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Why is India so bad in sports?

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  • Why is India so bad in sports?

    A billion people and not many medals. Why is this. Culture? Genetics? Money? Organization?

  • #2
    http://www.hinduonnet.com/tss/tss2738/s ... 300800.htm
    There are no strings on me

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    • #3
      great link

      guru, thanks for the great link. I have a feeling that we'll start seeing improvement from India in the near future.

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      • #4
        Re: great link

        Originally posted by BillVol
        guru, thanks for the great link. I have a feeling that we'll start seeing improvement from India in the near future.
        Not if they focus on shooting and weightlifting, as this article suggests. (Well, they'll get the medals, but "we" won't see them if by "we" you mean track fans.) They also need to focus on athletics as an every-year sport with important international and regional competition, not just as part of the Olympics and other quadrennial multi-sport Games, as this article seems to be doing.

        But I think the short answer to your original question probably has more to do with the country's widespread poverty and all of its negative effects (poor nutrition, lack of time or money for leisure activities, etc) than anything else. I suspect that for too many of their billion people, participation in athletics is not really possible.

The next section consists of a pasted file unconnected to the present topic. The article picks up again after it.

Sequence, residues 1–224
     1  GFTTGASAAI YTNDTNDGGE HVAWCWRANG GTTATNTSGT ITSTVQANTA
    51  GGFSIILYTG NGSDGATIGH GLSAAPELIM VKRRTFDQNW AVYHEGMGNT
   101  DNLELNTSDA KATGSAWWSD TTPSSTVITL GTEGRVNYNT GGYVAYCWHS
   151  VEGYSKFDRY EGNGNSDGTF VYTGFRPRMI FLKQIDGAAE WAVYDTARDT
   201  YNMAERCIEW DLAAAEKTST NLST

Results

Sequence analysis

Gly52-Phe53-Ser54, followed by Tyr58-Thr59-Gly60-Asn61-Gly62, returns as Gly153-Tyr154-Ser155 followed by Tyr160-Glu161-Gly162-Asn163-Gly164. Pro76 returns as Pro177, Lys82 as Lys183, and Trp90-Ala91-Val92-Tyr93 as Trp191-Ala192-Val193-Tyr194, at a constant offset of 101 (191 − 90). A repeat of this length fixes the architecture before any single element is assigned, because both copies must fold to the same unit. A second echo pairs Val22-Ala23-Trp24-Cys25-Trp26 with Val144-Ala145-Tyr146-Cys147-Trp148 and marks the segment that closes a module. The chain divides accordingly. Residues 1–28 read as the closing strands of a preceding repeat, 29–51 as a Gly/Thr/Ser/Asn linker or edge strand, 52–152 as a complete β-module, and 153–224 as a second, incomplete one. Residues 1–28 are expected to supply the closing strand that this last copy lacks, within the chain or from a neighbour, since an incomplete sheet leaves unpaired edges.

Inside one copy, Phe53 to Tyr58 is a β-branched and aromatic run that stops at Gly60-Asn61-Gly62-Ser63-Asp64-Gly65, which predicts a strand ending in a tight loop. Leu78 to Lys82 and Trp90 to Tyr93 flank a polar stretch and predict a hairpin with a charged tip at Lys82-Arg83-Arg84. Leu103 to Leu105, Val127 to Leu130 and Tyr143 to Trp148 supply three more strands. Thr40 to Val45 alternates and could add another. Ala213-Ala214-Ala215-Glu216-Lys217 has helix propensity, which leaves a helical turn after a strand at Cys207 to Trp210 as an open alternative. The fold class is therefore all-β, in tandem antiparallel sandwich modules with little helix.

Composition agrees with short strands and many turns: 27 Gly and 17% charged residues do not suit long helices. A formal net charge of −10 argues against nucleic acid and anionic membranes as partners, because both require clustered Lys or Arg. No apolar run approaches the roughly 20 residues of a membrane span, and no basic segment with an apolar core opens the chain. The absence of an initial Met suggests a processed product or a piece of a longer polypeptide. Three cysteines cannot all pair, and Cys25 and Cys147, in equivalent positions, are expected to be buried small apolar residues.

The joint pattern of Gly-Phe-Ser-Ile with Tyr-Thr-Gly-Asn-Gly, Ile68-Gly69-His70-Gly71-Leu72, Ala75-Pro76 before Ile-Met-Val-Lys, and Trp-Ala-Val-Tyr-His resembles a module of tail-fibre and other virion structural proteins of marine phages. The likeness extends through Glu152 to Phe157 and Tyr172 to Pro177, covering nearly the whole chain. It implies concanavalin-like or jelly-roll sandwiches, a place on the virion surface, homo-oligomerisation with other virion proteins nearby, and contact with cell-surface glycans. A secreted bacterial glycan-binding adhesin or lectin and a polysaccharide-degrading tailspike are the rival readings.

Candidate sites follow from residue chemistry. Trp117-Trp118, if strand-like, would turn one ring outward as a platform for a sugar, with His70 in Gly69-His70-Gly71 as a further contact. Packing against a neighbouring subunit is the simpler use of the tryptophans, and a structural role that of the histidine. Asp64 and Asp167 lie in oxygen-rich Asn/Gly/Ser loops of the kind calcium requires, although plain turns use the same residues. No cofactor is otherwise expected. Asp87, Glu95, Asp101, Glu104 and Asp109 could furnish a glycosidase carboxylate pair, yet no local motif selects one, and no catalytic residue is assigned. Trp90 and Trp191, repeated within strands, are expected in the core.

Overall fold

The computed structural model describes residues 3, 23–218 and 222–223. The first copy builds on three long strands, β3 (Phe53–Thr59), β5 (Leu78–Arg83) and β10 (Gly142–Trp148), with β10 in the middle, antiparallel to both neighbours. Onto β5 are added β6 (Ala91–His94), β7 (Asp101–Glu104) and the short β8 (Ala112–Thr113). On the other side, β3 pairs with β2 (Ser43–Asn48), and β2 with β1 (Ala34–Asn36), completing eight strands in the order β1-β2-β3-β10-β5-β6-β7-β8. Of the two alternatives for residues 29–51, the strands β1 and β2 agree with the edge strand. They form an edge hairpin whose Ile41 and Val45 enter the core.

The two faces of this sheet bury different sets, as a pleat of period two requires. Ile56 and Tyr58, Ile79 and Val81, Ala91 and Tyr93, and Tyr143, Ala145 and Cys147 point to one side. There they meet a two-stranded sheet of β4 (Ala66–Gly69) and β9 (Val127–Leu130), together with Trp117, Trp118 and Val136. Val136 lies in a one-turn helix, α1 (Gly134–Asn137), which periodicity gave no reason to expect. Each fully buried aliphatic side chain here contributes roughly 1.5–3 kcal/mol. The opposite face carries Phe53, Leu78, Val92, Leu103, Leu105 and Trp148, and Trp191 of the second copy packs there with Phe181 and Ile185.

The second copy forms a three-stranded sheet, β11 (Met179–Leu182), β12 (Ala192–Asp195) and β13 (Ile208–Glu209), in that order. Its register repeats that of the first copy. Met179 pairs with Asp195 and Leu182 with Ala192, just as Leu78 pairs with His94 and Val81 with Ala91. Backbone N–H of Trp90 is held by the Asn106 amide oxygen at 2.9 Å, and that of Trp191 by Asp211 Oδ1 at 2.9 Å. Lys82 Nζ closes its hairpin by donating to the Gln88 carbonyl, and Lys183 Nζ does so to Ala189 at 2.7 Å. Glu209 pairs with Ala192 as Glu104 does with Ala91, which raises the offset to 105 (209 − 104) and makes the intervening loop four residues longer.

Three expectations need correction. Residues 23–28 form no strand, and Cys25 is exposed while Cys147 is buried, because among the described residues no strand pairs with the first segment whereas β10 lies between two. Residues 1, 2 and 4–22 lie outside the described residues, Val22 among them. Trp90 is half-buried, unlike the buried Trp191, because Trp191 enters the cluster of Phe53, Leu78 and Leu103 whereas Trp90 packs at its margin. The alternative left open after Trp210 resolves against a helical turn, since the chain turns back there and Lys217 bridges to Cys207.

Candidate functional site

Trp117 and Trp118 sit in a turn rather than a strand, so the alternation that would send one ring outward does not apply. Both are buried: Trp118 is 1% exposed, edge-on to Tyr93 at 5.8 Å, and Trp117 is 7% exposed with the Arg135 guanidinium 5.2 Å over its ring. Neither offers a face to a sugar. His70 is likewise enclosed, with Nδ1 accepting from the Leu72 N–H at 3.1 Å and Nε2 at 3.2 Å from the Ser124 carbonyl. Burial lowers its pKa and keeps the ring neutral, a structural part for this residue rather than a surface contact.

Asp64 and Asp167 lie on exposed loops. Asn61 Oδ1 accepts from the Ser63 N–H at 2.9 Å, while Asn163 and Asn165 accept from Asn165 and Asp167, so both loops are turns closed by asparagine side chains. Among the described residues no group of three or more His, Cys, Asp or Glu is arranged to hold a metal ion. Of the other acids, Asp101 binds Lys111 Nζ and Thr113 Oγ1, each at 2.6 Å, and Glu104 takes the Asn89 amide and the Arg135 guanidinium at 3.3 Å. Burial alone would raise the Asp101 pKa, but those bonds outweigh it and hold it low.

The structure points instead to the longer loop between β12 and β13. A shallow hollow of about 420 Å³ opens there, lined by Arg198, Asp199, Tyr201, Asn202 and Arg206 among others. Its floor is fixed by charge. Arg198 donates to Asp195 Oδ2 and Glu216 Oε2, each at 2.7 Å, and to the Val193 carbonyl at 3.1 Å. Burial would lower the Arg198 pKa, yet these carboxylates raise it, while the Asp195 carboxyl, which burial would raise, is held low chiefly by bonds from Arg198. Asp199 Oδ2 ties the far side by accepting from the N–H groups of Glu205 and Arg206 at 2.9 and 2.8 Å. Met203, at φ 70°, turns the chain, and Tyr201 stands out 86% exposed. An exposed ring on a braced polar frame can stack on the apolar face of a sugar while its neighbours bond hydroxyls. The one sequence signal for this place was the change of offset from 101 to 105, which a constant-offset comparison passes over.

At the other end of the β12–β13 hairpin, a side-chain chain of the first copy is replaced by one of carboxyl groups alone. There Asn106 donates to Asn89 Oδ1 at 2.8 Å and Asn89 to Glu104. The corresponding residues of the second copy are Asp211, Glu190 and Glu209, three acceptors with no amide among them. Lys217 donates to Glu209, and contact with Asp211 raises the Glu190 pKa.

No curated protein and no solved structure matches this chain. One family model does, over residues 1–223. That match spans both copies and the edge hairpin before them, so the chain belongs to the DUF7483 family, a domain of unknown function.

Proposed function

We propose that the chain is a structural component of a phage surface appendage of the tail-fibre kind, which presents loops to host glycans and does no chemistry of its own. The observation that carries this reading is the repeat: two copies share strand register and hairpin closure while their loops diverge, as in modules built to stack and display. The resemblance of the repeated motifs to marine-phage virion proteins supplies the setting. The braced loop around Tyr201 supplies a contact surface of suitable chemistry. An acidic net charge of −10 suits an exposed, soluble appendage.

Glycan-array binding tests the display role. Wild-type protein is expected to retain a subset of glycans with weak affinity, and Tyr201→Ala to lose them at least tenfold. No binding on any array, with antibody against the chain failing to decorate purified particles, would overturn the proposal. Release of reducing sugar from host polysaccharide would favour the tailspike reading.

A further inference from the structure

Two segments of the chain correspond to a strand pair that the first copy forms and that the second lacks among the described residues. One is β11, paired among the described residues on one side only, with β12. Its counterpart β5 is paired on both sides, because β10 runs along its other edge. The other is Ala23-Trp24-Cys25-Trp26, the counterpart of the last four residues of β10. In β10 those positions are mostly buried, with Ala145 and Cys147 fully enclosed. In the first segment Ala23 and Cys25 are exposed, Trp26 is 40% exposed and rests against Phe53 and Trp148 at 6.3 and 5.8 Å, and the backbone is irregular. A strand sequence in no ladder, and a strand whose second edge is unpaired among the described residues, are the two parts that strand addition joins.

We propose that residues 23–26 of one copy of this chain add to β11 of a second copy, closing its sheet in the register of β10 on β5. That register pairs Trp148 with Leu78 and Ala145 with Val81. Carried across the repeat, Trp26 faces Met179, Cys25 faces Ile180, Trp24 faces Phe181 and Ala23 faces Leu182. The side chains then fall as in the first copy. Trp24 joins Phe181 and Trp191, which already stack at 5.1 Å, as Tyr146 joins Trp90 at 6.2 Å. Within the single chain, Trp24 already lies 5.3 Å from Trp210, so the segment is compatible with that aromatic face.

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        • #5
          Re: great link

          Originally posted by tandfman
          I suspect that for too many of their billion people, participation in athletics is not really possible.
          That's a stat I would like to see: track facilities per capita. In greater Jax (pop 1,000,000) there are probably 30 T&F facilities (1 college, 1 JC, 28 HSs, zero non-school-related). I would think a place like Boston has lots more. Britain, Sweden, Germany? Africa? Asia? S. America? Canada? China?

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          • #6
            I wish India all the best in its sports progression. I hope women are given the opportunites they deserve

            The beautiful city of Vancouver, host of the 2010 Olympics, does not have a single decent rubberized track. Not one.

            How pathetic is that.

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            • #7
              Re: great link

              Originally posted by tafnut
              Originally posted by tandfman
              I suspect that for too many of their billion people, participation in athletics is not really possible.
              That's a stat I would like to see: track facilities per capita. In greater Jax (pop 1,000,000) there are probably 30 T&F facilities (1 college, 1 JC, 28 HSs, zero non-school-related). I would think a place like Boston has lots more. Britain, Sweden, Germany? Africa? Asia? S. America? Canada? China?